April 7, 2021 |
Luxating patella is a common orthopedic condition that affects many dogs. Many pet owners have had to deal with the effects of the condition on their pets. A luxating patella occurs when the kneecap moves from its normal position. While the condition most often affects small breeds like Yorkshire terriers, Pomeranians, and Chihuahuas, it can also affect larger dogs. The condition can be quite painful, but fortunately, it is treatable.
Some causes of canine luxating patella include genetics where skeletal deformities are involved and poor nutrition. Dogs that are overweight risk developing the condition due to excessive pressure on the knee joint. Too much exercise for certain dog breeds can also cause stress on the joints, especially with dog breeds that grow too fast.
The symptoms of luxating patella in canines will depend on the severity of the condition. Some common symptoms include mild-to-severe pain, a popping sound coming from the knee, and abnormal gait during movement. The animal will try to avoid placing weight on the affected knee or leg. Many dogs will be non-weight bearing for a few steps, then extend the leg—which releases the patellar ligament. In grade I & II luxations, the patella often will pop back into its normal position and the dog becomes instantly sound.
The severity of the problem is divided into four grades.
Grade I – Otherwise known as “sloppy knee cap.” The patella will come out of the trochlea or groove it rests in. It will pop back in on its own. With Grade 1 luxations, if the patella is manually luxated, it realigns into the trochlea on its own.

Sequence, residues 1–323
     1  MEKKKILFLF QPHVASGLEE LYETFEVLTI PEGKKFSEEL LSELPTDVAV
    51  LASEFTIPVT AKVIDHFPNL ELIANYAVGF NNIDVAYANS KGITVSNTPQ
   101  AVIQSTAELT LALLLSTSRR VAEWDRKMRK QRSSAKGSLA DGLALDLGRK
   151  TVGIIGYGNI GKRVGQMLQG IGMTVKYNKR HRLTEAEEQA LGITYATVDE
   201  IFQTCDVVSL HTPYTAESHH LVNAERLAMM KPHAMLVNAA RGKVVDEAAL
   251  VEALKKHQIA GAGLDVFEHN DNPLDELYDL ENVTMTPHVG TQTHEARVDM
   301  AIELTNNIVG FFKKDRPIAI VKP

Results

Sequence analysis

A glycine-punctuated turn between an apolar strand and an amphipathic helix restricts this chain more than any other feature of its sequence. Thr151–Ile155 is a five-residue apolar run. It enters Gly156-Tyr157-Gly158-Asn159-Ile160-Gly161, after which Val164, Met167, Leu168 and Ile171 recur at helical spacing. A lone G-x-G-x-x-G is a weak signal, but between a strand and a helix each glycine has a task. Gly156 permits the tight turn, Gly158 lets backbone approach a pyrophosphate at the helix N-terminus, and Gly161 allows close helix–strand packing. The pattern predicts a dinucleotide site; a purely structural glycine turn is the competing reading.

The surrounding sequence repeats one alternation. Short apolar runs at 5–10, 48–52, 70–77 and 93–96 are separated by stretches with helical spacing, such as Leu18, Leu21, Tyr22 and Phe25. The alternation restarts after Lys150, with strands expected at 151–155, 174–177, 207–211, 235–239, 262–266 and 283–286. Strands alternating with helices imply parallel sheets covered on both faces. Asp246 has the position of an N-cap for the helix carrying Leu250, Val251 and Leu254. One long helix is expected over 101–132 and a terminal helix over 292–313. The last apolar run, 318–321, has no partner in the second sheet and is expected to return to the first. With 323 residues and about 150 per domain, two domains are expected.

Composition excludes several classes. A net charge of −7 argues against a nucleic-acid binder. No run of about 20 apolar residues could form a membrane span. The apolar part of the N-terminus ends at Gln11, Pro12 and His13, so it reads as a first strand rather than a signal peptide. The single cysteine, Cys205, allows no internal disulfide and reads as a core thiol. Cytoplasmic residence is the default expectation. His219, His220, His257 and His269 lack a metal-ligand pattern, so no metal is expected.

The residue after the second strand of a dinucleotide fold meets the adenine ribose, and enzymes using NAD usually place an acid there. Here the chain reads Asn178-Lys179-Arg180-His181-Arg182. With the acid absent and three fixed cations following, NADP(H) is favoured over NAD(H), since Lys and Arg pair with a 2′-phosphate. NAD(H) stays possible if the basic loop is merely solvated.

Grade II – The patella luxates and stays out of the trochlea. When manually reduced into the trochlea, it stays inplace until it luxates again at a later time.
Grade III – The patella is luxated all the time. When reduced back into the trochlea, it won’t stay in place. It pops back out immediately. Generally, osteoarthritis is present in many cases.
Grade IV – Same as Grade III, with significant bone remodeling and osteoarthritis. Many of these cases have little to no trochlea present.
Surgery is required for Grades II through IV luxations. Generally, a tibial crest transposition surgery is required at the same time as the trochlear wedge osteoplasty.
When treatment requires surgery, it is important to find out about post-operative care. Rehabilitation usually involves physiotherapy, hydrotherapy, medication, and regular vet visits. Some tips to speed up recovery include providing a nutrient-rich diet and avoiding strenuous activity or exercise initially. Professional therapy and rehab will help aid a quick recovery. Total recovery time after surgery usually takes 8-10 weeks.
Several exercises can help your dog in the recovery process. However, careful observation, appropriate exercise, and proper nutrition can help relieve discomfort and aid in the recovery process. Over time, your pet will be back to his or her former self.
Not only does the Tampa Bay K9 Rehabilitation Center offer post-surgical physiotherapy, but we also can provide the surgery as well.
To know more about luxating patella, visit Tampa Bay K9 Rehabilitation Center at our office in St. Petersburg, Florida. You can also call (727) 677-9500 to book an appointment today.